Fa’aumu’s vibrant Husky Experience and impressive academic success are grounded in the importance of family. As a low-income student of color grappling with the recent loss of their mother, Fa’aumu created a chosen family through involvement with the Burke Museum, the Lushootseed language research project and clubs and affinity groups connecting them with their Polynesian heritage. Fa’aumu further explored the concept of family in their honors thesis, which investigates the role of family in Indigenous students’ educational success.

(University of Washington 2020)

Tālofa. Fa’aumu Kaimana kʷə dsdaʔ. I am a proud first-generation student who grew as a healer for my Pacific Islander and Native American communities. I create welcoming spaces for Indigenous communities through language revitalization and perpetuation in spaces from public transport to the Burke Museum. I strive to cultivate a legacy of inclusive mentorship and family in academia, knowing that healing happens when every story is heard and respected.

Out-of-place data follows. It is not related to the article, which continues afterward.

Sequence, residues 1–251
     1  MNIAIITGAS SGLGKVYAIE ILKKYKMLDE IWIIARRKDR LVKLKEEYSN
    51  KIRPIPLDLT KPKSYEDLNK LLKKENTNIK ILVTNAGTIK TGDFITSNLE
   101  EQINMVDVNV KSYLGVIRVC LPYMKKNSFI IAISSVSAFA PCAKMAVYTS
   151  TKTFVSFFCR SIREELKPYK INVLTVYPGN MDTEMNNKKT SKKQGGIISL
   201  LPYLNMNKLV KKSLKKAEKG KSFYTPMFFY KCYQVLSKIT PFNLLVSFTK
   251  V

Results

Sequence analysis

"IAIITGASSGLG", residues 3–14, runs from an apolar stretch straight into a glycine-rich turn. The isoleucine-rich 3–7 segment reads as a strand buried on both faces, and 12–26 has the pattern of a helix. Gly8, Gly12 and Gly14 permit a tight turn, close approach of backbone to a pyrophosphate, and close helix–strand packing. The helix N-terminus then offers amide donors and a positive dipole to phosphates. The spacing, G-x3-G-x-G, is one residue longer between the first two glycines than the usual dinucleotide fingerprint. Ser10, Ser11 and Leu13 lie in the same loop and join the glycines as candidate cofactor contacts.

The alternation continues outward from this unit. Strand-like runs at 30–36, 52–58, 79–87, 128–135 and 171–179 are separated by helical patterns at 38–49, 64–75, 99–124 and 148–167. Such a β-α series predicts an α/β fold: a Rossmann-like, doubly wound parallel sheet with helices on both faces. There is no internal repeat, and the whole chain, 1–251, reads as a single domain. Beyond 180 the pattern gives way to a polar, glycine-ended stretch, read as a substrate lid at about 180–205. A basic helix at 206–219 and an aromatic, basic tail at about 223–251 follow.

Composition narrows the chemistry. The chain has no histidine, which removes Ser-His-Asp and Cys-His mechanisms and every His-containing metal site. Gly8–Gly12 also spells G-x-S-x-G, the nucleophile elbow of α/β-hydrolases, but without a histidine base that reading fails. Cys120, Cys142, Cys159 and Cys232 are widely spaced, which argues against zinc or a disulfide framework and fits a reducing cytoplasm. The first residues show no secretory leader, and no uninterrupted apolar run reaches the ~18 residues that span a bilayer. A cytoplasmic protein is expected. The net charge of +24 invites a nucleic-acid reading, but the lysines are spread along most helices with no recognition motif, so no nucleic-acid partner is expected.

Also known colloquially as dǰ pišpiš, I’m the coolest cat you’ll ever meet. In addition to the academic stuff, I also cover racial equity, public transport, and just life in general. Let’s scratch this post together.

We stand here today to recognise the stewards of Coast Salish lands, the original and current caretakers: Duwamish Suquamish, Tulalip, and Muckleshoot. Our hands go up and recognition spreads.

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